Presentation on theme: "Safeguarding Children Contributed by Christine Jones All resources in the "Safeguarding Resources" section of our resource bank have been submitted by."— Presentation transcript:
Safeguarding Children Contributed by Christine Jones All resources in the "Safeguarding Resources" section of our resource bank have been submitted by delegates on our Level 2 Safeguarding Online courses. For more information about this practical, self-paced course, please visit and
Safeguarding children A number of agencies, including schools, have statutory duties to co-operate to improve the well-being of children and to safeguard and promote the welfare of children.
Every Child Matters agenda (2003) The Government's aim is for every child, whatever their background or their circumstances, to have the support they need to: be healthy stay safe enjoy and achieve make a positive contribution achieve economic well-being.
Children Act 2004 Well being is encapsulated in a child’s Physical and mental health Protection from harm and neglect Education, training and recreation Contribution to society Emotional, social and economic well being
Schools should safeguard and promote the welfare of their pupils by: Creating and maintaining a safe learning environment for children and young people. This means having effective arrangements in place to address a range of issues. Some are subject to statutory requirements, including child protection arrangements, pupil health and safety, and bullying. Identifying where there are child welfare concerns and taking action to address them, in partnership with other organisations where appropriate Making children and young people aware of behaviour towards them that is not acceptable and how they can help keep themselves safe. Meeting the health needs of children with medical conditions, providing first aid and school security. Developing children's understanding, awareness, and resilience e.g. by tackling drugs and substance misuse, sex education etc.
Welfare concerns Education staff have a crucial role in: helping identify at an early stage, welfare concerns and indicators of possible abuse or neglect referring those concerns to the appropriate organisation, normally Children's Social Care contributing to the assessment of a child's needs and, where appropriate, to ongoing action to meet those needs.
Working together to safeguard children (Laming report – updated 2009) Lord Laming believed that schools must ensure that they are proactively involved in safeguarding children. He stressed that correct information sharing is crucial to good child protection practice in keeping children safe. ‘Ofsted should revise the inspection and improvement regime for schools giving greater prominence to how well schools are fulfilling their responsibilities for child protection’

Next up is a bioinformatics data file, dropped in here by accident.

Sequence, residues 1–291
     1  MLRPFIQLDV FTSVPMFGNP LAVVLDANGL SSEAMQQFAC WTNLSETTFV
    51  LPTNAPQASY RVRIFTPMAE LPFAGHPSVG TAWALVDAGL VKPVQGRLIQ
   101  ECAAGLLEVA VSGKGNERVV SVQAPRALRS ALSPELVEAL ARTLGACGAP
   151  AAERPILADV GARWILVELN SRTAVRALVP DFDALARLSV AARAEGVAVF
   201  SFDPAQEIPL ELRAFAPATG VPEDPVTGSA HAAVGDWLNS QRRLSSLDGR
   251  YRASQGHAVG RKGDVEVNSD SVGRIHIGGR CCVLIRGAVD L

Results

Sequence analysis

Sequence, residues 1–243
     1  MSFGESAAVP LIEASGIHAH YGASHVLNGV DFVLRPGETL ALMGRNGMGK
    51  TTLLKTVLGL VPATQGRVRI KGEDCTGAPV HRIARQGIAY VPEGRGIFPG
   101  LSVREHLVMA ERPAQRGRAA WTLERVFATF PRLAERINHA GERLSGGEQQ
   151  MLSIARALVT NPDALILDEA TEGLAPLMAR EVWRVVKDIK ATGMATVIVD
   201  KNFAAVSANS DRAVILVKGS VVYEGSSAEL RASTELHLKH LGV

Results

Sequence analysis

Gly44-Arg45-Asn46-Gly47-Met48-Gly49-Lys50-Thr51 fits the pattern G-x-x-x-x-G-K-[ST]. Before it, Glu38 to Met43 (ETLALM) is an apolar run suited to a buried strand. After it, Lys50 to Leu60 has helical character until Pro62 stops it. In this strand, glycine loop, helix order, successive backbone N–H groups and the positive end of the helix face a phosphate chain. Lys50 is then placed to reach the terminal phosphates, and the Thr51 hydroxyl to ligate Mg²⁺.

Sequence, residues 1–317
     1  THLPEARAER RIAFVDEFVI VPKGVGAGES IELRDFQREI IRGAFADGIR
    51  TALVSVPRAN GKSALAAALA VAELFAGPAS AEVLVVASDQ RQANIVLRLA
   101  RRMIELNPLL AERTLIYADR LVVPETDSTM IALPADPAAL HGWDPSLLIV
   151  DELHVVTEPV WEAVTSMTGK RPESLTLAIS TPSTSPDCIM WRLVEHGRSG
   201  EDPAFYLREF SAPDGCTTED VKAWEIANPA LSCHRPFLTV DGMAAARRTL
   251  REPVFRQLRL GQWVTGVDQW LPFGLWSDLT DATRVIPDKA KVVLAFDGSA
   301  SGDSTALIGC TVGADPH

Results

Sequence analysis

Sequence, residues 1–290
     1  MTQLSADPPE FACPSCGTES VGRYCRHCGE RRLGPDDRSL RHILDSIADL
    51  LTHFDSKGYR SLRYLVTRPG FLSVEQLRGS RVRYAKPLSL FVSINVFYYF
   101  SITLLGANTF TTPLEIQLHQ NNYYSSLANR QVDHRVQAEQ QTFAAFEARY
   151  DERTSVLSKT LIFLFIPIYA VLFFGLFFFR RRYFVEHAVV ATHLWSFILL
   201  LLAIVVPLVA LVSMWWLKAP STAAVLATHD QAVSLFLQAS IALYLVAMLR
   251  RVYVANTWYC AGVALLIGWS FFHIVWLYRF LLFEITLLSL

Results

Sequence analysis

The four categories of abuse are: Physical abuse Emotional abuse Sexual abuse Neglect
If you have concerns that a child is being abused you should trust your judgement and take action
Working with strong suspicions Sometimes you may be worried about a child’s injuries or behaviour even though the child has not said anything to suggest that they have been abused. This is difficult but you can help by: Being approachable, available and prepared to listen. Discussing your concerns with the designated teacher Not assuming that someone else will pick up on concerns and take action Recording your concerns and observations (noting dates) as these will help to build up a picture
What action should you take? If you have concerns about a child’s welfare, record it and report it to the designated teacher without delay. The designated teacher will contact the social services on your behalf, if they believe that the child is at risk, and follow it up with a written referral.
How to respond if a child makes a disclosure of abuse Take what the child says seriously Listen to the child without interruption or prompting. Do not ask leading questions. Only interject to reassure or to clarify. Remain calm and don’t rush into action that may be inappropriate Let them know what you are going to do to help Report what you have been told to the designated teacher on the same day. Record what was said and who was present. Use the child’s exact words wherever possible. Concerns about abuse must always be recorded.
Things to avoid Do not allow your shock to show. Do not probe for more information than is offered. Do not make negative comments about the alleged abuser. Do not make promises that you cannot keep, such as promising that everything will be alright. Do not agree to keep the information secret Never express disbelief in what the child is saying
Recording the allegations If a child tells you he or she has been abused you should make a note of exactly what they have said, (using the child’s own words where possible). Date and sign the record. Pass this on to the designated teacher in an envelope marked ‘Confidential’
Overall summary of guidelines If you are worried about a child make sure that you record your concerns and then speak to someone as soon as possible. Any suspicions, however small, should be recorded and passed to the designated teacher. This may build into a bigger picture If a child confides in you do not agree to keep the information a secret as this could put the child at risk. Explain that you might have to tell someone and why. Use the 7 golden rules as a guide, to assess if you should share the information. If you suspect that a child is being abused talk to the designated teacher as soon as possible. If a child makes a disclosure of abuse, listen carefully and do not ask leading questions. Never express disbelief. Do not try investigate or question the child, except to clarify what you have been told.